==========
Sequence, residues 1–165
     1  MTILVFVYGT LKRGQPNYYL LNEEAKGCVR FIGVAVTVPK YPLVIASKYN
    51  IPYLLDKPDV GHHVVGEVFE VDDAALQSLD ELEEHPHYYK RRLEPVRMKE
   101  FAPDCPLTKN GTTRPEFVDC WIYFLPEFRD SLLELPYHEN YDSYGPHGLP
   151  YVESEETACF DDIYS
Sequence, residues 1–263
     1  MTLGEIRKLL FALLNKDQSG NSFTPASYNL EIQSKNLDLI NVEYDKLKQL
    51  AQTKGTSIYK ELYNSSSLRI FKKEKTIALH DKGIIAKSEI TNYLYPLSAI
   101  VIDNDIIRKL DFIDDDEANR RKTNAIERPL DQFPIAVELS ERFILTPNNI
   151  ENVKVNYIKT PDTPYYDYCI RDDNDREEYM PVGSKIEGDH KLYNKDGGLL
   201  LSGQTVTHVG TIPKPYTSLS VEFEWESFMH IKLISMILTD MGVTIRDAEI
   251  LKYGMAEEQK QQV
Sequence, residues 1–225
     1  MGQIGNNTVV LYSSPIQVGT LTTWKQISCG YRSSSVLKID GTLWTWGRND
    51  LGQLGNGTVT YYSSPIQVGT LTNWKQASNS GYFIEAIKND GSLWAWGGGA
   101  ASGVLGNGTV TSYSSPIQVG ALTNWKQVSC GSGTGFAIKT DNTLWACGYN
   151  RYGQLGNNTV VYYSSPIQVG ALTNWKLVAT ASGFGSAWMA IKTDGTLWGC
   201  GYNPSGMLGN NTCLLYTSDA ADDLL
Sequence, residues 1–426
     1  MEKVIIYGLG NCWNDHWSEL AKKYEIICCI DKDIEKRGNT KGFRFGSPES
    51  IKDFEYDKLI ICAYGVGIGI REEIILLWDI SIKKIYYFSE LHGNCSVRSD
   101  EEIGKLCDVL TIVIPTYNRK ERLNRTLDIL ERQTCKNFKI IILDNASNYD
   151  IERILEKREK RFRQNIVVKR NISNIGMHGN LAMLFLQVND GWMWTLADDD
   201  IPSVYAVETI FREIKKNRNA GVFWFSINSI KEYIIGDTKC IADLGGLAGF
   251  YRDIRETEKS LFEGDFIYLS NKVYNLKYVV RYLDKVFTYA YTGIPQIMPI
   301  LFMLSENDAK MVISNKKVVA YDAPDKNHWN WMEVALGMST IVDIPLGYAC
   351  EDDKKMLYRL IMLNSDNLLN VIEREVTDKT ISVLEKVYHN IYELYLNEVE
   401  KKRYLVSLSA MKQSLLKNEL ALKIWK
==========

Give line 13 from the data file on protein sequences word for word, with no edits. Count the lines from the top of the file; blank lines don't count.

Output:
Sequence, residues 1–225